Embroidered Tiraz from Andalusia

Inside the Great Mosque of Cordoba. Inside the Great Mosque of Cordoba.

The term tiraz originally comes from the Persian verb for embroidering (tirazidan, 'to embroider'). In Arabic it came to mean the embellishment of a piece of cloth or another material with a text of some kind.

It is known from various Arab historians that the tiraz system existed in Andalusia (southern Spain) during the rule of the Andalusian Umayyads (Emirate of Cordoba; 756-929), but there is a notable lack of further information. The fifteenth century Arab historian, Al-Suyuti, for example, writing in his History of the Caliphs about `Abd al-Rahman (r: 731–788; an Umayyad prince who became amir of Andalusia), noted that: "In his reign, the wearing of embroidered garments (libas mutarraz) was first introduced, and Spanish dirhams were struck."

In another text called al-Bayan al-Mughrib, it is described how Ibrahim ibn al-Hajjaj revolted against the caliph. As proof of this revolt, the author of the al-Bayan al-Mughrib wrote: "There were at Seville, factories [tiraz] where his name was embroidered on the stuffs, just as the sultan used to do at that time." It would appear that the presence of a person’s name in an official tiraz inscription was considered to be a sign of open revolt.

What appears to have been a well-known ‘scam’ by tiraz producers in Cordova was noted during the eleventh century: "The Muhtasib [a form of market police] must prevent the weavers of tiraz from changing the inscription (rasm) on a robe at the fuller’s, on account of the well-known practice of disreputable persons....".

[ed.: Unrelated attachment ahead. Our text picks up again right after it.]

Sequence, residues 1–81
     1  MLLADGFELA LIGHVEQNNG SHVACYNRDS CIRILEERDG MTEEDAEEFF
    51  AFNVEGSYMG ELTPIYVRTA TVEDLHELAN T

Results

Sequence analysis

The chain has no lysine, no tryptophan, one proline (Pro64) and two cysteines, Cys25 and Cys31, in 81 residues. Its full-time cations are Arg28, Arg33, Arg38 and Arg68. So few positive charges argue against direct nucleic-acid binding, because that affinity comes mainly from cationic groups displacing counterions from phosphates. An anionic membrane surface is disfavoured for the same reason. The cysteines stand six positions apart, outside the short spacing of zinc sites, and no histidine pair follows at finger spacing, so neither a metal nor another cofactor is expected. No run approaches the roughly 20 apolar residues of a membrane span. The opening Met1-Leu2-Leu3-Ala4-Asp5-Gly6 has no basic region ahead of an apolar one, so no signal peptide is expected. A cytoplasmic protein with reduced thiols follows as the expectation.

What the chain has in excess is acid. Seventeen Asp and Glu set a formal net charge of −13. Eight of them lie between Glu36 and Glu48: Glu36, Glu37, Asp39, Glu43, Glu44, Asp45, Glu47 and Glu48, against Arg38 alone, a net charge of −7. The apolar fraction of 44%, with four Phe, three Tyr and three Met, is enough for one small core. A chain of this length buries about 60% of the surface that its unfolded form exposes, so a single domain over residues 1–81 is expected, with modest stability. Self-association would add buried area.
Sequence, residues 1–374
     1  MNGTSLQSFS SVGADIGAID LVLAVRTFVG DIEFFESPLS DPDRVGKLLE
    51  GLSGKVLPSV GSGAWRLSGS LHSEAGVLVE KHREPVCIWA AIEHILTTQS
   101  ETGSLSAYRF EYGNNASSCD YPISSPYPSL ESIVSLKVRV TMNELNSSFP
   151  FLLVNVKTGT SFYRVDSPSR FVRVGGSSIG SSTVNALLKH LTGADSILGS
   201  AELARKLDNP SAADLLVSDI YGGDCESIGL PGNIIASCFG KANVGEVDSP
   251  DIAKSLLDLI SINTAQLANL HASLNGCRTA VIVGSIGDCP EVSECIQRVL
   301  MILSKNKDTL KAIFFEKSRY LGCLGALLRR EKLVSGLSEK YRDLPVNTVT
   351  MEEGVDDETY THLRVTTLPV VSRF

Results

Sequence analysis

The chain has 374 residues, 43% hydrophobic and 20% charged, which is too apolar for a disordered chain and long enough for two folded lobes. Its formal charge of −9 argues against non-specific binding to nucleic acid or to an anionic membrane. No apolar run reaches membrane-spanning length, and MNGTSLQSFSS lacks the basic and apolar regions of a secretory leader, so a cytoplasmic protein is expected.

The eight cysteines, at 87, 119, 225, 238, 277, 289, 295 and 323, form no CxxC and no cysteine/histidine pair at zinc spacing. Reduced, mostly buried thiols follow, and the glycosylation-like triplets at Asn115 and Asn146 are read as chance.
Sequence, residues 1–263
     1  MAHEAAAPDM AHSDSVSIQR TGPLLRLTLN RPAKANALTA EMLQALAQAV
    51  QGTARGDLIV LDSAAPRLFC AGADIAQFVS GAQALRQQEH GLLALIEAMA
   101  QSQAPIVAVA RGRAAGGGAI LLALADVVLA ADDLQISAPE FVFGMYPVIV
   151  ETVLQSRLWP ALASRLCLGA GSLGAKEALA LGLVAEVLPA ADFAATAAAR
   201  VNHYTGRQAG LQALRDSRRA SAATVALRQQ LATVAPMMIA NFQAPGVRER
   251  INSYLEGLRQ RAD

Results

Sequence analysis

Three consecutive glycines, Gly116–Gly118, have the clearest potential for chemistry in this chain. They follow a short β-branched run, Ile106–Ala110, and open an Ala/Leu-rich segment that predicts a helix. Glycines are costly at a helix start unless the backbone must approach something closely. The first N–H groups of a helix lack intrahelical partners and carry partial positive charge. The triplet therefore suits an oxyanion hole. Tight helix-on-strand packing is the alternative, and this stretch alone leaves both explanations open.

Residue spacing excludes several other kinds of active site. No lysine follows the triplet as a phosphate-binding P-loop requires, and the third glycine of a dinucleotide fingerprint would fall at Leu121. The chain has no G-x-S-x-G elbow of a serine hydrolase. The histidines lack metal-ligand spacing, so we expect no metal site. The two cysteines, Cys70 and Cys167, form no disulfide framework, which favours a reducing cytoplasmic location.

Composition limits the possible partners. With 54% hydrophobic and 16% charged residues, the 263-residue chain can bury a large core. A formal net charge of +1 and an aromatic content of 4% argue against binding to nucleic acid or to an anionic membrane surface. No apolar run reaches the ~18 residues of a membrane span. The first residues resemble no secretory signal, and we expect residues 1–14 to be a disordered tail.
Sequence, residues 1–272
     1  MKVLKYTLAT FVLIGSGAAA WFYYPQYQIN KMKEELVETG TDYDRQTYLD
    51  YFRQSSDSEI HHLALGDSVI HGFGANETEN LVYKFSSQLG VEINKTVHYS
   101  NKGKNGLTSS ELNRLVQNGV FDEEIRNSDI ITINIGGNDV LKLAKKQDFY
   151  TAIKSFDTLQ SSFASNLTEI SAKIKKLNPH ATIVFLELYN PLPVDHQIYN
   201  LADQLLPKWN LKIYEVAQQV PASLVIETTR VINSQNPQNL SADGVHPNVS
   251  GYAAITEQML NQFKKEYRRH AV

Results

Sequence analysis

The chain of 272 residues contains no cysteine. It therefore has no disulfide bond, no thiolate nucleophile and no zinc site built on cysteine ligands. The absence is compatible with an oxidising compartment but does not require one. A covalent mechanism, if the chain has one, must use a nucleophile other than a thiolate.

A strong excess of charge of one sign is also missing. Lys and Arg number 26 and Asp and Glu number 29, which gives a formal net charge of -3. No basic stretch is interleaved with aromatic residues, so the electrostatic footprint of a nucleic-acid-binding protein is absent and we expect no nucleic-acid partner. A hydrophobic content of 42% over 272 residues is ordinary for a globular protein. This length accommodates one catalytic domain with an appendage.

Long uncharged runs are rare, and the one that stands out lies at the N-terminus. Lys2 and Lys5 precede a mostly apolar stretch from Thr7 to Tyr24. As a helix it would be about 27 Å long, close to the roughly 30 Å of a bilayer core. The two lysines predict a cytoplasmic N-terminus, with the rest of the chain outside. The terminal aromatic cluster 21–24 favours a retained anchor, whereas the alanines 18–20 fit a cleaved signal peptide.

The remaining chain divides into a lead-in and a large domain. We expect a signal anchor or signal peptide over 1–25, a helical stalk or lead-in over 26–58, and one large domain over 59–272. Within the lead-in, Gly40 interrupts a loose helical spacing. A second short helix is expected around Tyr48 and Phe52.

There are further details in an extract from the contemporary Ma`alim al-Kurba: "Repairers (raffa`) may not repair a khazz-silk garment received from a fuller or cloth-beater (dakkak) except in the owner’s presence. Embroiderers (mutarriz) and ornament-stitchers (rakkam) must not transfer embroidery (rakm) from one garment to another which fullers or cloth-beaters bring them.... On each garment, the owner’s name must be written."

It would appear that embroidered bands were being made in the tiraz workshops, and then later sewn onto garments. When these garments were sent to be washed, these bands were sometimes either removed or substituted for others, presumably of a lower quality. In general it would seem, however, that Andalusia was better known for the production of woven tiraz, rather than embroidered examples.


  • SERJEANT, Robert B., 1972. Islamic Textiles: Material for a History up to the Mongol Conquest, Beirut: Librairie du Liban, pp. 165, 171-172.
  • AL-SUYUTI (1857). Ta`rikh al-Khulafa, (ed.) S. Lee and Maulawi `Abdalhaqq, Calcutta, p. 539.
  • VOGELSANG-EASTWOOD, Gillian (2016). 'Embroidered tiraz,' in: Gillian Vogelsang-Eastwood (ed.), Encyclopedia of Embroidery from the Arab World, London: Bloomsbury Academic, pp. 140-150.

Digital source of illustration (retrieved 17 June 2016).


Last modified on Monday, 17 April 2017 20:05